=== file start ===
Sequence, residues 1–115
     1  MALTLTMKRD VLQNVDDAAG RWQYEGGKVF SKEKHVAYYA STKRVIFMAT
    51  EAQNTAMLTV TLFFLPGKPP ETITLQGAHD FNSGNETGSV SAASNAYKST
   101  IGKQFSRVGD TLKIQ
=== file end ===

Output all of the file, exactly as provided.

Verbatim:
Sequence, residues 1–115
     1  MALTLTMKRD VLQNVDDAAG RWQYEGGKVF SKEKHVAYYA STKRVIFMAT
    51  EAQNTAMLTV TLFFLPGKPP ETITLQGAHD FNSGNETGSV SAASNAYKST
   101  IGKQFSRVGD TLKIQ